Decades ago, the cold war pitted the Americans against the Russians in an epic arms race. That threat has since dissipated, but now Washington is concerned with the growing power of China.
The topic of the “red threat” is swirling at Capital Hill these days. China is on a superlative economic growth path, thanks to a very strong manufacturing sector and a low-priced Yuan. The pegged currency system, which Washington wants to eliminate, has helped to create a rising global economic powerhouse. China is growing at about 9% annually and clearly wants no changes that could alter the course of the country’s road to capitalism.
With the growth, China has become a major user of commodities. It is the world’s second biggest user of fossil fuels, after the United States. It also is a growing player in other key commodities, such as grains, lumber, copper, and steel. You can think of the country as a massive engine, needing constant fuel in the form of commodities. But here is the issue: China needs to go outside its borders to quench its rising thirst for raw materials. The country has traditionally sourced raw materials from other countries, but a recent shift in strategy has occurred and China has decided to look at acquiring companies in order to guarantee sources of raw materials and expand its influence worldwide.
I don’t see a problem with this new trend, but there is growing concern in Washington that China may be a security threat if it is allowed to acquire key U.S. companies.
In Canada, China-based Minmetals was in talks to buy Noranda Inc. (NYSE/NRD)–a major base metals producer–in an effort to gain access to a guaranteed source of metals. The reaction from conservatives in Canada was one of fear and concern that a “Communist company” would take over one of the country’s largest metals producers. I found the allegations simply ridiculous. I mean, what are the Chinese going to do, spread communism throughout Canada through metal production?
The same is now happening in the United States–driven by recent and proposed acquisitions by Chinese companies. China- based Lenovo acquired the computer business of International Business Machines Corporation (NYSE/IBM) when no one else wanted the company.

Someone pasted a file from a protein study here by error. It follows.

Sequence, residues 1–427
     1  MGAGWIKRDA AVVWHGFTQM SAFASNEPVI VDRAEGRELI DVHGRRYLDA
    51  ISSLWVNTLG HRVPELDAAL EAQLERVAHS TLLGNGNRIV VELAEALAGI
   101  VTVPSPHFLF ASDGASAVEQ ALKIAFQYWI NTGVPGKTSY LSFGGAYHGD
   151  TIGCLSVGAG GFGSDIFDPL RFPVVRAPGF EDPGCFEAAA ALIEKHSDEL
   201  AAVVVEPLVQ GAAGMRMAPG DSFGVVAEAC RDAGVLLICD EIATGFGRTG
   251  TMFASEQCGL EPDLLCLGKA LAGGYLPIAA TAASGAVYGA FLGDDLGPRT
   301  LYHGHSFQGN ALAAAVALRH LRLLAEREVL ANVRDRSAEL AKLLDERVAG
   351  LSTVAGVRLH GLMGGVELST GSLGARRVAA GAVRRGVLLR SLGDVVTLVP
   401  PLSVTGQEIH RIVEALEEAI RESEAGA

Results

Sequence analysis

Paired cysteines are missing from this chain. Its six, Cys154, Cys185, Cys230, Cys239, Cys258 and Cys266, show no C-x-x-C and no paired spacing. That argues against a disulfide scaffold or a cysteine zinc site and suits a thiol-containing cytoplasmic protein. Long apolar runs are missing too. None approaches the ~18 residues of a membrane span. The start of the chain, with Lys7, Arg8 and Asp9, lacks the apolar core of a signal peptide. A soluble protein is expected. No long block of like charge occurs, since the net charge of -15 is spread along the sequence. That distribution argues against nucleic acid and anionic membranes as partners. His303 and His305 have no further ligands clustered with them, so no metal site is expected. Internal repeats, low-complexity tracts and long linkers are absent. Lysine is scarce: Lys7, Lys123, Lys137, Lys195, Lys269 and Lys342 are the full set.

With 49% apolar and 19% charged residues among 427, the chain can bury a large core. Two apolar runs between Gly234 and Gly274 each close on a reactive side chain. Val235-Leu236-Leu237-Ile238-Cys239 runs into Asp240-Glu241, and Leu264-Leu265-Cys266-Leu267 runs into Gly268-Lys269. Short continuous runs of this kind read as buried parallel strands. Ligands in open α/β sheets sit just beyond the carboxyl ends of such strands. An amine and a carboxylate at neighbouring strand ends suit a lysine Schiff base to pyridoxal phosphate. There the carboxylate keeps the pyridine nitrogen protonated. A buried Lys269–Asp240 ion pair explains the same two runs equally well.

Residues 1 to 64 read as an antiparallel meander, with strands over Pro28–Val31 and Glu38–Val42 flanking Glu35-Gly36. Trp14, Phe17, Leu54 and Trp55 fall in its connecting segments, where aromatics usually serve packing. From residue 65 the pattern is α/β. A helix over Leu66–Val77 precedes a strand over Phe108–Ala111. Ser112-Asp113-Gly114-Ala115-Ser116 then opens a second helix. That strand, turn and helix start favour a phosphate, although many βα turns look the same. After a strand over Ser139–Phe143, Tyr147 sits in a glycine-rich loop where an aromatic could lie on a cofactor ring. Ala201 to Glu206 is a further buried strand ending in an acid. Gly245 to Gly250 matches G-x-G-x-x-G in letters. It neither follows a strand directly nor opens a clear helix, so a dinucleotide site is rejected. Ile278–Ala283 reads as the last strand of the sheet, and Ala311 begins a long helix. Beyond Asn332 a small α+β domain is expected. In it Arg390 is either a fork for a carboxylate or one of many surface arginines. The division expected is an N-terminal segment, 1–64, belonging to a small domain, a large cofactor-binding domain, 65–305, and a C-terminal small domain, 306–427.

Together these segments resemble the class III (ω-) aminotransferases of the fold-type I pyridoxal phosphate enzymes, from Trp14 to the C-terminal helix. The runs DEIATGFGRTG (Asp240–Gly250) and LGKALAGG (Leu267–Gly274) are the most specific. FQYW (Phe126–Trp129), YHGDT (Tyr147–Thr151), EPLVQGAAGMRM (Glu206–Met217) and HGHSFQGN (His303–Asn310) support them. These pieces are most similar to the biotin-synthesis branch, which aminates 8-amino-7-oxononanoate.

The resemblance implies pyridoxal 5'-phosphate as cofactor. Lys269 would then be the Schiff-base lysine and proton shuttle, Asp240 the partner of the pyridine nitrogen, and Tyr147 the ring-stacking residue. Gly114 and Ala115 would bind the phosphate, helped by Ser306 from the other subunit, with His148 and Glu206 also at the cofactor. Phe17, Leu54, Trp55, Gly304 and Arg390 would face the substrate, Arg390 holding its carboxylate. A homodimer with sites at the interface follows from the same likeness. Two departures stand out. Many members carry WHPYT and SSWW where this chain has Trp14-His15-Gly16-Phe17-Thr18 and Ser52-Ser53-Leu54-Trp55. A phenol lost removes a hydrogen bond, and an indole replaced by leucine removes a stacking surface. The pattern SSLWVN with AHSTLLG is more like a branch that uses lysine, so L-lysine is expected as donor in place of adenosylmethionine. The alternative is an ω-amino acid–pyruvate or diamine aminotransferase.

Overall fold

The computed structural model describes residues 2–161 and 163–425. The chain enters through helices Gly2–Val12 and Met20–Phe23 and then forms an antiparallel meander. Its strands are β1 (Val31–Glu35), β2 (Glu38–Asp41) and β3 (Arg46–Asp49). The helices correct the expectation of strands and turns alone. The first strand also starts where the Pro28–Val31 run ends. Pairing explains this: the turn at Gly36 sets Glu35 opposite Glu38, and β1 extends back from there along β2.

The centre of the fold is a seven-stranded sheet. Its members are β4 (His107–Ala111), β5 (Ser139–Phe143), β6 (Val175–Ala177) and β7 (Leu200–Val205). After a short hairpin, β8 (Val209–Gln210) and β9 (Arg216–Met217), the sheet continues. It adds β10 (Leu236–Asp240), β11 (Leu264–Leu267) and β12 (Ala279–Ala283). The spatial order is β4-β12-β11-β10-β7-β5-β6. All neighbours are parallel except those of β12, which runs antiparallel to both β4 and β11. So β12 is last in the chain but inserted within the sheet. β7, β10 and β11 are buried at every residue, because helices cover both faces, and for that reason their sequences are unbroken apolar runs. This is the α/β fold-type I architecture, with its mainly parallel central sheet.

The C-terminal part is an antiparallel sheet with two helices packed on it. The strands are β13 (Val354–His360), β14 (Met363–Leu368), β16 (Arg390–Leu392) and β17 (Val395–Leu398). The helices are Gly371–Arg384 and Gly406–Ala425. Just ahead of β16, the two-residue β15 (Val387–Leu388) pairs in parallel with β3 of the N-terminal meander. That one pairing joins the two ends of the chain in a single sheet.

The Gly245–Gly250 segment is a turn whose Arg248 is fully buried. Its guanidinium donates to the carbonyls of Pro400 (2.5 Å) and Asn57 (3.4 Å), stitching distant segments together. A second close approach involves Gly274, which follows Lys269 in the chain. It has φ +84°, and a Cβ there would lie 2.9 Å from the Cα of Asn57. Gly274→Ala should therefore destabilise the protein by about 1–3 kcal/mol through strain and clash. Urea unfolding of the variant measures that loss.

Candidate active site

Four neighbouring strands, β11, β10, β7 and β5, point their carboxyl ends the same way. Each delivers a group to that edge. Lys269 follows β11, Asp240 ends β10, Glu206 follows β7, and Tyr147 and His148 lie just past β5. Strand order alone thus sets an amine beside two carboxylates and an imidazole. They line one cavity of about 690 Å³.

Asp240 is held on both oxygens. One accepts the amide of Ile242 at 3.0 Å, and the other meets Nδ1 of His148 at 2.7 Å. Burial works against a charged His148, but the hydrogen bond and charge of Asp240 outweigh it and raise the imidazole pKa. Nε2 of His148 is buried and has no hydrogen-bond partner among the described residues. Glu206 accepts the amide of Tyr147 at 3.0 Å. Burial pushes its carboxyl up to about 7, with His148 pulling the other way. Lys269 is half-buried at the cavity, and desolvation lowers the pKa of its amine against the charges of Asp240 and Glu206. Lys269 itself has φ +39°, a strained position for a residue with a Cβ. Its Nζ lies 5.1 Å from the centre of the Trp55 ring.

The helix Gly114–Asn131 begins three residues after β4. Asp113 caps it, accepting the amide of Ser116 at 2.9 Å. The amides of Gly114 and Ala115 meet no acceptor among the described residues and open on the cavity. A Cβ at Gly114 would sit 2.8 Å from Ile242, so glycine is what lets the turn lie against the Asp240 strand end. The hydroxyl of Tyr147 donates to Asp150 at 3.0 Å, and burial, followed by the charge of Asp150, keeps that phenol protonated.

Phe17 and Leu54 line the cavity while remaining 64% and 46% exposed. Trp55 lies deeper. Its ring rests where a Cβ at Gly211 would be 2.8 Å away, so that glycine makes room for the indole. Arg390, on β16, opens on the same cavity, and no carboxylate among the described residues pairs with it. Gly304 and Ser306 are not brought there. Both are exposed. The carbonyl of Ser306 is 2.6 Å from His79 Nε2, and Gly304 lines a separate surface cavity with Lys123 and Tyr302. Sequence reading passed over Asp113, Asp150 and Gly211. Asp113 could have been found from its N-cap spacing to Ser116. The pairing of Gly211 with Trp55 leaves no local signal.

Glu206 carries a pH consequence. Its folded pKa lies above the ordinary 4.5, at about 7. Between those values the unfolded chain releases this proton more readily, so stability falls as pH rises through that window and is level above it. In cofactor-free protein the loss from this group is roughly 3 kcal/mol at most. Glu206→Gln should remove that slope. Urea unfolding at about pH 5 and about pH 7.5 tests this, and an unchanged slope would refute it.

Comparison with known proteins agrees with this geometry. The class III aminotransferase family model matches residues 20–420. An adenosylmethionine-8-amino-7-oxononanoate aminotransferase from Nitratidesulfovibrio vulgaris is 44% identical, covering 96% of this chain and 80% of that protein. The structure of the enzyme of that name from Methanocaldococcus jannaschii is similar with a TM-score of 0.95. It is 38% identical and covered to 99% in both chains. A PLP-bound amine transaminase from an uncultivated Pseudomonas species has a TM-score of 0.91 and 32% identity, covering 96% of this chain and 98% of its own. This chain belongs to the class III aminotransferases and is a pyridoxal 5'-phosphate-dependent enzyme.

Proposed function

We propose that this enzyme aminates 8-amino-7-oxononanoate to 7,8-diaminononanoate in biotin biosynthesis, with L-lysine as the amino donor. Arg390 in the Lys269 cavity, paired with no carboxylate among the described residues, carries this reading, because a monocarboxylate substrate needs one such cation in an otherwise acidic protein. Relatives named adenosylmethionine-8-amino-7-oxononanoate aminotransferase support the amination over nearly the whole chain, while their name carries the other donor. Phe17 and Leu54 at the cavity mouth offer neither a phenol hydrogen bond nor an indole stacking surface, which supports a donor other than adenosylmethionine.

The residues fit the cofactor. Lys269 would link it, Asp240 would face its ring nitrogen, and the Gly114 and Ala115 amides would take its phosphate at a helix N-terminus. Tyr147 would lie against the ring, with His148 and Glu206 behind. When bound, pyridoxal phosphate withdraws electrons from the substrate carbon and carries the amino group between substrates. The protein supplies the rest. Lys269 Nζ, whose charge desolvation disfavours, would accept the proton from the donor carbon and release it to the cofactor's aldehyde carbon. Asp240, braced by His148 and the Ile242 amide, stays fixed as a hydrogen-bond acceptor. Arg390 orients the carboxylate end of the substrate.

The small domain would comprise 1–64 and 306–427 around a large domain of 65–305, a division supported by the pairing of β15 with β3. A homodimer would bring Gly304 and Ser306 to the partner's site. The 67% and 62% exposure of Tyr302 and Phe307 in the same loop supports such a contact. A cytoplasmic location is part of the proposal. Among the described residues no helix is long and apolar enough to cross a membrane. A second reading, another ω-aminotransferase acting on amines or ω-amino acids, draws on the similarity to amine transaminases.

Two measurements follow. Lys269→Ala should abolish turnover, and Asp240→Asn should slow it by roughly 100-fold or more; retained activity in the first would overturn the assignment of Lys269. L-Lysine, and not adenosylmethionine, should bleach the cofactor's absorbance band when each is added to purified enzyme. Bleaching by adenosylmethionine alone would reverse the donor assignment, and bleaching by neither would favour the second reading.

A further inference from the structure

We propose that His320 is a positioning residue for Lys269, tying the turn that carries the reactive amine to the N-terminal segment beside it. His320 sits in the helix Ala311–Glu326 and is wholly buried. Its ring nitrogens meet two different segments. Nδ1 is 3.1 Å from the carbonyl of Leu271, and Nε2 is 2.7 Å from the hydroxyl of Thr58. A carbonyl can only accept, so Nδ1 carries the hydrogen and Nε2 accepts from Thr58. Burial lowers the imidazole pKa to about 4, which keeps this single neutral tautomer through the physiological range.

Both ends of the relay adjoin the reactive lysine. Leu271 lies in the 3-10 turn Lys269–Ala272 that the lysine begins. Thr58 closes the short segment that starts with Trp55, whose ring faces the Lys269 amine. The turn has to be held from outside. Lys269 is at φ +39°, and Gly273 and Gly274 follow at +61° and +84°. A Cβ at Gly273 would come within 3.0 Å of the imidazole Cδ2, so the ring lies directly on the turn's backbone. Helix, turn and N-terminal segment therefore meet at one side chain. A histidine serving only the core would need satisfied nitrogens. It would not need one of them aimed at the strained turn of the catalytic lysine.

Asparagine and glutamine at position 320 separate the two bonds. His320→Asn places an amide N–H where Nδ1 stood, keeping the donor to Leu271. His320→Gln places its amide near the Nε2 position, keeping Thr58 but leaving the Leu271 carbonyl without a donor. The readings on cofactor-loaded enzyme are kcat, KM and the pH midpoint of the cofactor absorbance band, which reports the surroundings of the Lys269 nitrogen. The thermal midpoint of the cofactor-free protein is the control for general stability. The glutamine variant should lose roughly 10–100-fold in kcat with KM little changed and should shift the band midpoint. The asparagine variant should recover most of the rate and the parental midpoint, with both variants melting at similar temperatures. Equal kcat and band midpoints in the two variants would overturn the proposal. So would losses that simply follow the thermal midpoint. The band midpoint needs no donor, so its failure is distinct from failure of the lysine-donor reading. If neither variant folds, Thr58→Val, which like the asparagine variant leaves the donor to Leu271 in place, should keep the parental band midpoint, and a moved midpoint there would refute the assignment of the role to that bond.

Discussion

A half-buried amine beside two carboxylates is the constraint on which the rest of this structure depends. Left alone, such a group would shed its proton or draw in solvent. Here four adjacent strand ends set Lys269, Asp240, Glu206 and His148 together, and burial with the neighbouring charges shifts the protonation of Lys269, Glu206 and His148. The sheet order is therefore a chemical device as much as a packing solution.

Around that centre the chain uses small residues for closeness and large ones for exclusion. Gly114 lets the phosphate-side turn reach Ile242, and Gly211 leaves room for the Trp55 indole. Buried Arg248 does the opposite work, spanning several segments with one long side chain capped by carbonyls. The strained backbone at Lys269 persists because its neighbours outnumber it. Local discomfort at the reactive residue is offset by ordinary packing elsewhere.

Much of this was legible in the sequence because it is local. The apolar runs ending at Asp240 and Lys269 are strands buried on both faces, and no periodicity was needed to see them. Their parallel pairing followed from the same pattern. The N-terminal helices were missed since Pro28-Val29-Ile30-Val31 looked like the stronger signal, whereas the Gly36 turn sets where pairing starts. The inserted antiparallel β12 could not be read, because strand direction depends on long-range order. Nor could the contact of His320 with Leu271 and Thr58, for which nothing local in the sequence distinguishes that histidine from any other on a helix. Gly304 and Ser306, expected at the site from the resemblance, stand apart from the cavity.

And now, Maytag Corp. (NYSE/MYG) is being pursued by China-based Haier Group and two U.S. private equity firms. The concern among the masses is that the CEO of Haier is in the ruling Communist Party’s Central Committee. Again, I can’t see Communism spreading throughout the U.S. through the sales of washing machines…
Washington may allow the Maytag acquisition, but the most recent bid for oil company Unocal Corp. (NYSE/UCL) by China-based China National Offshore Oil Corp. (NYSE/CEO) is turning a lot of heads in Washington right now. The $18.5- billion bid surpasses the $16.6-billion bid made by Chevron Corp. (NYSE/CVX). The bid by Chevron has been accepted, but the Chinese bid will be examined. Trust me, that means politics will play a big part in the decision.
The bid from China National will need to receive a blessing from a U.S. government panel that is responsible for any national security threats when foreign companies acquire American companies. In other words, it will clearly set off a heated debate in Washington about losing control of key resources.
I’m not going to play the political game here, but the fact is that the Chinese acquisitions are really no different from when the Japanese began its heavy investment in the U.S. decades ago. Simply put, the deals add wealth to Americans and that should be the bottomline.